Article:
American troops have transformed one-time Arghandab killing zones into pockets of relative stability. Special Forces working with loosely regulated local militias have made headway in difficult areas, and the influx of U.S. soldiers has put new pressure on Taliban forces on their home turf.
However, even Western strategists here aren't convinced that the painstaking improvements in this pivotal valley can be replicated elsewhere in Afghanistan.
"I think the odds are stacked against us on that," said a second Western official working in the region, who also was given permission by the U.S. Embassy to speak only if he wasn't identified.
Though they've made progress, the strategist said, the U.S. and its Afghan allies haven't been able to make a critical breakthrough in Arghandab.
"It's like a lock, but what is that last number?" he said. "We're right there, but we don't quite have the number. There is something that we're missing."
Ahmadi, the new district governor, remains a lonely figure who travels in a military bubble of tenuous protection. A few aides accompany him on risky trips around the valley, but most of his skeleton staff is too scared to come to work.
Most of the workers in Ahmadi's two-story government center are American soldiers and civilians. The district center, nestled in a valley hillside not far from Mullah Omar's former house, is encircled by American and Afghan forces.
Ahmadi relies on the U.S. military to fly him into the most volatile parts of his district, and his life is always at risk. He still has to seek approval from local power brokers before turning up in their villages.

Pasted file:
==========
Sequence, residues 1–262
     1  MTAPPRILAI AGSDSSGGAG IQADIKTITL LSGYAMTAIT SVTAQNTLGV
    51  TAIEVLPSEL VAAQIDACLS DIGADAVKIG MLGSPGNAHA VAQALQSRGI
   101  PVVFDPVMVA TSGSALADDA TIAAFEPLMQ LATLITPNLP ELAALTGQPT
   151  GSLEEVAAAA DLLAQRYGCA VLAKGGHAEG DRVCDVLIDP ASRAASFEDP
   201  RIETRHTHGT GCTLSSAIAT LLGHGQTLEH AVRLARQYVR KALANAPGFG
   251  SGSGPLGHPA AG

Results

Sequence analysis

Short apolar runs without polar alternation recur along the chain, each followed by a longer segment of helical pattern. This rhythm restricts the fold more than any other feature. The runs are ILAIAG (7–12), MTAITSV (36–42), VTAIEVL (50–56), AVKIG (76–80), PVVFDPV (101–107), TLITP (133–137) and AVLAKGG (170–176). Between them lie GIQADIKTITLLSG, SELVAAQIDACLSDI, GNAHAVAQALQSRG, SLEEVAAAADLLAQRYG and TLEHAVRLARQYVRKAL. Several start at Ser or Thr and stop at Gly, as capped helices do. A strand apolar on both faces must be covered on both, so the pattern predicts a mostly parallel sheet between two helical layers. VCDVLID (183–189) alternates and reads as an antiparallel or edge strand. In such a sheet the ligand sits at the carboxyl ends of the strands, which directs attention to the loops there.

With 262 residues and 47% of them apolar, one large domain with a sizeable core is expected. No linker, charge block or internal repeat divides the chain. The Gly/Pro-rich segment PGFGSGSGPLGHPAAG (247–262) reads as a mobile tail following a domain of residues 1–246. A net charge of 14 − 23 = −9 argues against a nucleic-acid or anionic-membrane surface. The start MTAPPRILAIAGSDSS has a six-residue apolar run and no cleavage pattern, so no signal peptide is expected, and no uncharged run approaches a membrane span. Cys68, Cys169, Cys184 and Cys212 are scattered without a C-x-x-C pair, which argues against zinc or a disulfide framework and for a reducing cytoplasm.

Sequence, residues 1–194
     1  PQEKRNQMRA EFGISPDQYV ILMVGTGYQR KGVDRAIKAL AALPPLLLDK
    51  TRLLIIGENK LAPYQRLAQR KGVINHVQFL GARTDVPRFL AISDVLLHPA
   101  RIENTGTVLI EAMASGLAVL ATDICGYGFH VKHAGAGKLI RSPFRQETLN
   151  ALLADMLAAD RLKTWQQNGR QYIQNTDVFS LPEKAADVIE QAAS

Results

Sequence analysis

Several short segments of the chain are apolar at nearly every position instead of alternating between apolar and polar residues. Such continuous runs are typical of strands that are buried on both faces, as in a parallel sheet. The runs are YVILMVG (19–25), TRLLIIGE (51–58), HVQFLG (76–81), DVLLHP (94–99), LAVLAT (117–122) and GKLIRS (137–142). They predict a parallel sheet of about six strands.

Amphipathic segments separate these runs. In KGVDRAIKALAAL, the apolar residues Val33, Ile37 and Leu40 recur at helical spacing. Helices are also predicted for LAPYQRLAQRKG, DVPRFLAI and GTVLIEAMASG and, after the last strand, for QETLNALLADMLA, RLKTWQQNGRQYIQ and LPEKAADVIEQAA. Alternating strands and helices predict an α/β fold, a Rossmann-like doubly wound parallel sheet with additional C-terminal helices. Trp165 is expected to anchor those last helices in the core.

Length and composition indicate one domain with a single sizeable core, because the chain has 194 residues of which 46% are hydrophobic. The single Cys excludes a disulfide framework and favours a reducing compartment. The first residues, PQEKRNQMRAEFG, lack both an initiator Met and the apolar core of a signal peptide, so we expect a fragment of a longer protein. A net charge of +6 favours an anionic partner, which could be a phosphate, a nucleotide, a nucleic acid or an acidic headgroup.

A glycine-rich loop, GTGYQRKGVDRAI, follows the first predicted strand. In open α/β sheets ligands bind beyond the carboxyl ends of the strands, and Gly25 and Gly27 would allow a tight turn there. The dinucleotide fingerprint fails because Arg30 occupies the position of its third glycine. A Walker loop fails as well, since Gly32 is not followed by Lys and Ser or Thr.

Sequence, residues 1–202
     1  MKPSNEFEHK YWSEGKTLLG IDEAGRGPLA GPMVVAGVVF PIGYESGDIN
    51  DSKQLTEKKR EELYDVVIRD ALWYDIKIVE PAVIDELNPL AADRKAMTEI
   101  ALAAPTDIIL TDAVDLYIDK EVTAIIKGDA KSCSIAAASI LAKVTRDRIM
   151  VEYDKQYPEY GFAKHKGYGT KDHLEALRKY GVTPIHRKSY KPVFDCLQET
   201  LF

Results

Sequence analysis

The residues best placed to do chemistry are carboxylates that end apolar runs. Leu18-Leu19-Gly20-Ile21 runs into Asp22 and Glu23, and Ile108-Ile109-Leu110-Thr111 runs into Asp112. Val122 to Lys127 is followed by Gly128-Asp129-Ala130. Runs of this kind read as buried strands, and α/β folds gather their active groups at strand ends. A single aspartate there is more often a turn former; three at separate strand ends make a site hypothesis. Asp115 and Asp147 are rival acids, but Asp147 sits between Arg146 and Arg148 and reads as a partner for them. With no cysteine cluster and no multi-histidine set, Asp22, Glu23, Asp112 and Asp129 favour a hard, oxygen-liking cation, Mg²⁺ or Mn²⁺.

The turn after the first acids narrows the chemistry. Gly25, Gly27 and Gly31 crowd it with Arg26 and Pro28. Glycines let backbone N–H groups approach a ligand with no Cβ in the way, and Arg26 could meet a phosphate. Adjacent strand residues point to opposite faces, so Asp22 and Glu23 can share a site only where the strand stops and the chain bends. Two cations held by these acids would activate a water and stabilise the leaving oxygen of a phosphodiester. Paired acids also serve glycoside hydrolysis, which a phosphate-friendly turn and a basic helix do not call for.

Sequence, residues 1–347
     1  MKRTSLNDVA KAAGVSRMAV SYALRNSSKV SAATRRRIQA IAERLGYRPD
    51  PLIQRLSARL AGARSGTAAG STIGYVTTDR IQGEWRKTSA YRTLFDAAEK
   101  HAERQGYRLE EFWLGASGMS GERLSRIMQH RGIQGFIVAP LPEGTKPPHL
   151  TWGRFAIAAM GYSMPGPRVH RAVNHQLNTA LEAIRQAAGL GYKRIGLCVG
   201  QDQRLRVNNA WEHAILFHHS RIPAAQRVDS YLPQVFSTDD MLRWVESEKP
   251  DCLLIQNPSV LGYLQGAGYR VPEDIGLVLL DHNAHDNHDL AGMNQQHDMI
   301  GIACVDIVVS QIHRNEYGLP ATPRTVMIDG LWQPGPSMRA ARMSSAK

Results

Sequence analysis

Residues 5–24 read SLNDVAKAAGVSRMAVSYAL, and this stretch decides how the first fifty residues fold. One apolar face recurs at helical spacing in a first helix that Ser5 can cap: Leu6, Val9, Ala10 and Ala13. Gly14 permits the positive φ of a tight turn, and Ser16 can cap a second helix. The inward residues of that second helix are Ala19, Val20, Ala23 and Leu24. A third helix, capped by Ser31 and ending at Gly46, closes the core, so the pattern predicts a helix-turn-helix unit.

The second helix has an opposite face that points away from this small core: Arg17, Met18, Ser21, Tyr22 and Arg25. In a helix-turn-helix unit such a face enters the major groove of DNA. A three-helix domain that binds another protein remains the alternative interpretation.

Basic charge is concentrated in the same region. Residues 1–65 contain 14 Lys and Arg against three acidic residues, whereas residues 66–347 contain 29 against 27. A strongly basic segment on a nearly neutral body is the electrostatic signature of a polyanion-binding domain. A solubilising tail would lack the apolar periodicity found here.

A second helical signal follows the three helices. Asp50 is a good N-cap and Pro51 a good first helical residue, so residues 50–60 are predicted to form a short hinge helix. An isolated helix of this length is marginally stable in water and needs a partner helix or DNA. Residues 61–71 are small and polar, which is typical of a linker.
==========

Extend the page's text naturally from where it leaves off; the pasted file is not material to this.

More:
"Jabar built the boat out of matchsticks, and this is the guy who can sail the boat," said Kevin Melton, an energetic representative of the U.S. Agency for International Development in Arghandab.
Ahmadi was an unknown in late June, when about two-dozen Arghandab elders chose him to lead the district.
American strategists were subtly backing the district leader of the local shura, or council. However, Ahmadi, a former mujahedeen fighter and well-off farmer, emerged as the unexpected compromise candidate.
He slipped quickly into his role. Recently, the district governor flew in a U.S. Blackhawk helicopter across the Arghandab River for his first visit to the volatile northwest swath of the valley.
Though only a few miles from his government headquarters, it was too risky to drive, even in an armed convoy.
Inside a U.S. military base, Ahmadi met a small coterie of Arghandab leaders who complained about U.S. forces shooting at farmers.
American strategists hoped that Ahmadi could secure the local leaders' help in launching development projects in the area, but the gathering quickly broke up without any agreements.
While popping bitter, green chewing tobacco in his mouth, Ahmadi castigated insurgents as an insidious virus — not as disaffected brothers, as Afghan President Hamid Karzai and others trying to broker peace deals sometimes refer to the Taliban.
"If my brother is destroying my house, he is my enemy," Ahmadi said in an interview at his district headquarters. "If my enemy extends my hand in friendship, then he will be welcome."
Jones, of the 82nd Airborne, touted the transfer as a sign that U.S. counterinsurgency strategy — known as COIN — is making headway in Arghandab.
"I think COIN is working," Jones said. "There's going to be fighting for 20 or 30 years from now. The question is: Is it to a level that the government can still stand and still continue on? That's the true testament of whether COIN works or not."